Like you, I’m sure, at Mildmay Mission Hospital, we look forward to the longer, warmer days when we can sit comfortably in our gardens again. As we wait, we enter into the Season of Lent, walking with Christ as He faced his passion and death, preceding the great feast of Easter.
We are reminded of our own times of wilderness, uncertainty, challenge and doubt. In last Sunday’s Gospel, read in countless churches around the globe, we contemplated the temptations of Jesus in Matthew’s Gospel, Chapter 4:1-11, as Jesus was tempted to give up or distort his mission, we too reflect on the fact that we, too have a mission to fulfil in our lives, ‘making a difference’ and sharing the joy of the gospel.
As human beings (not human ‘doings’!), perhaps we need to reflect on this message during this second week of Lent. The three temptations of Jesus may be used to recognise the ways in which we are tempted.
Notice that it is only at the end of Jesus’ temptations that we are told that ‘suddenly angels came and waited on him.’ Let’s recognise the angels in our lives who support us when the chips are down and when we are at the end of our tether.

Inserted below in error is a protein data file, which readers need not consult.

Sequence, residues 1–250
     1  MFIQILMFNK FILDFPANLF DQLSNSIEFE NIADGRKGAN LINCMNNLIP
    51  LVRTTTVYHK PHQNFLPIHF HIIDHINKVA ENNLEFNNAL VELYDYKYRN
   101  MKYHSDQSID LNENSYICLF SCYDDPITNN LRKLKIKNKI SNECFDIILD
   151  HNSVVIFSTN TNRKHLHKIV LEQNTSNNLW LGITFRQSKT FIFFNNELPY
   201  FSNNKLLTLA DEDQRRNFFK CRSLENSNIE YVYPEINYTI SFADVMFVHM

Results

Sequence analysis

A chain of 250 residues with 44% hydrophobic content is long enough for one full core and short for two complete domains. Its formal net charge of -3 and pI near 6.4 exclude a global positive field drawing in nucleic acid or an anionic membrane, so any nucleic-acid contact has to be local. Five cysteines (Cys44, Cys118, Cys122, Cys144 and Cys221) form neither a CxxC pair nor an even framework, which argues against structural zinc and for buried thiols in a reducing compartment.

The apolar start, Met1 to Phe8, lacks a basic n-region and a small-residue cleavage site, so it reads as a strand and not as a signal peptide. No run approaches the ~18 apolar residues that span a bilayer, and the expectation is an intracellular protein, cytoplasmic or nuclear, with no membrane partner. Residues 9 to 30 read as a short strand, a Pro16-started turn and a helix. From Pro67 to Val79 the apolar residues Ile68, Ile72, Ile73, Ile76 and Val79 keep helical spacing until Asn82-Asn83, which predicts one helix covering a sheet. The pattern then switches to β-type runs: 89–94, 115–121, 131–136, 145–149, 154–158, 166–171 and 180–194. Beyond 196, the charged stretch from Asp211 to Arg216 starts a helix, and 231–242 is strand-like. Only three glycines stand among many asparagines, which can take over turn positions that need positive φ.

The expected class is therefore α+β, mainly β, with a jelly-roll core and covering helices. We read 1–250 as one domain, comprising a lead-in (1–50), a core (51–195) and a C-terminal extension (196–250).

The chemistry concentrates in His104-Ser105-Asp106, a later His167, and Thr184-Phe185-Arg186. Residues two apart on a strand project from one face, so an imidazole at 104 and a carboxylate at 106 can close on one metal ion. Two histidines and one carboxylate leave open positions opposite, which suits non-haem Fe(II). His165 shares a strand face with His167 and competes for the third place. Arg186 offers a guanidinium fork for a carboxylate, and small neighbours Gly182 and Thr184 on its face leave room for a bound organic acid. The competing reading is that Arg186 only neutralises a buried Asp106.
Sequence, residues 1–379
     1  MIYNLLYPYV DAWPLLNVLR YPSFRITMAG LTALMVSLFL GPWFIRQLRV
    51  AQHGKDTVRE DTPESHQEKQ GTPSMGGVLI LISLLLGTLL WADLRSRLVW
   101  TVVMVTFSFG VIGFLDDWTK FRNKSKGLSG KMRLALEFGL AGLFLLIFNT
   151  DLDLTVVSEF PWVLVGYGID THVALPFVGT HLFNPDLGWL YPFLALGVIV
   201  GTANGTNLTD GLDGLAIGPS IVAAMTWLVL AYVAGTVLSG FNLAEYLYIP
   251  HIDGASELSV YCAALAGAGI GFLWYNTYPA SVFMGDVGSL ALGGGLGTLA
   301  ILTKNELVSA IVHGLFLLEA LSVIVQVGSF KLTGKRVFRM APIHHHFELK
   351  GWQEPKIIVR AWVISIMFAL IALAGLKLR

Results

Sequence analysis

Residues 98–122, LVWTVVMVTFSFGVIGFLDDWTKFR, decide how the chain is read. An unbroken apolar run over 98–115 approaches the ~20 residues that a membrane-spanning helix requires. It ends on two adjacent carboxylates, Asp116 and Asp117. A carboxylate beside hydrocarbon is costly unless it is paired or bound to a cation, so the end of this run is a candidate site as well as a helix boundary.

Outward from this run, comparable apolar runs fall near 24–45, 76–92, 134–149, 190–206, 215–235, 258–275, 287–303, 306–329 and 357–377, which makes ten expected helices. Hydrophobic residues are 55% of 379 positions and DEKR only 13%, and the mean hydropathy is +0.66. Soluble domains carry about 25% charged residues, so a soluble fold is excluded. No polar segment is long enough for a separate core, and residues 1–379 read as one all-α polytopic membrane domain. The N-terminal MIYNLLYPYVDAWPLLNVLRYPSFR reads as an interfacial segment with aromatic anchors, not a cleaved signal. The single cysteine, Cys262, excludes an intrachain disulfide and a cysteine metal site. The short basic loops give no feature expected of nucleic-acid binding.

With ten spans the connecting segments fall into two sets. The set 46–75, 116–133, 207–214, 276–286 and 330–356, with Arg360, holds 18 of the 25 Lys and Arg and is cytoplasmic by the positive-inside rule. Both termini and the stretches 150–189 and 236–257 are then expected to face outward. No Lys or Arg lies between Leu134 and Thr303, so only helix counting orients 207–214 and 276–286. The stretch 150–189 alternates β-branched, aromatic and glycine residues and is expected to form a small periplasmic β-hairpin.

We are invited to use this first week of Lent to acknowledge and thank those in our lives who are always there when we need them most.
Lent is a Christian observance that begins on Ash Wednesday and lasts for 40 days, ending on Holy Saturday. It is a time of reflection and preparation before the celebration of Easter. During Lent, many Christians observe a period of fasting, repentance, moderation and spiritual discipline. The purpose of Lent is to draw closer to God through prayer and self-denial to renew faith and prepare for the coming of Easter.
Lent is a 40-day period of fasting, prayer and penitence in the Christian liturgical calendar, beginning on Ash Wednesday and ending on Holy Saturday.
During Lent, many Christians abstain from certain foods or activities as a form of self-denial.
The traditional purpose of Lent is to prepare for Easter by focusing on repentance, spiritual growth and renewal.
The length of Lent varies between denominations; some observe it for 40 days while others observe it for 46 days (not including Sundays).
It is believed that the practice of observing Lent originated in the 4th century A.D., although its exact origins are unknown.
Top image: section of Temptation of Christ in the Wilderness by Juan de Flandes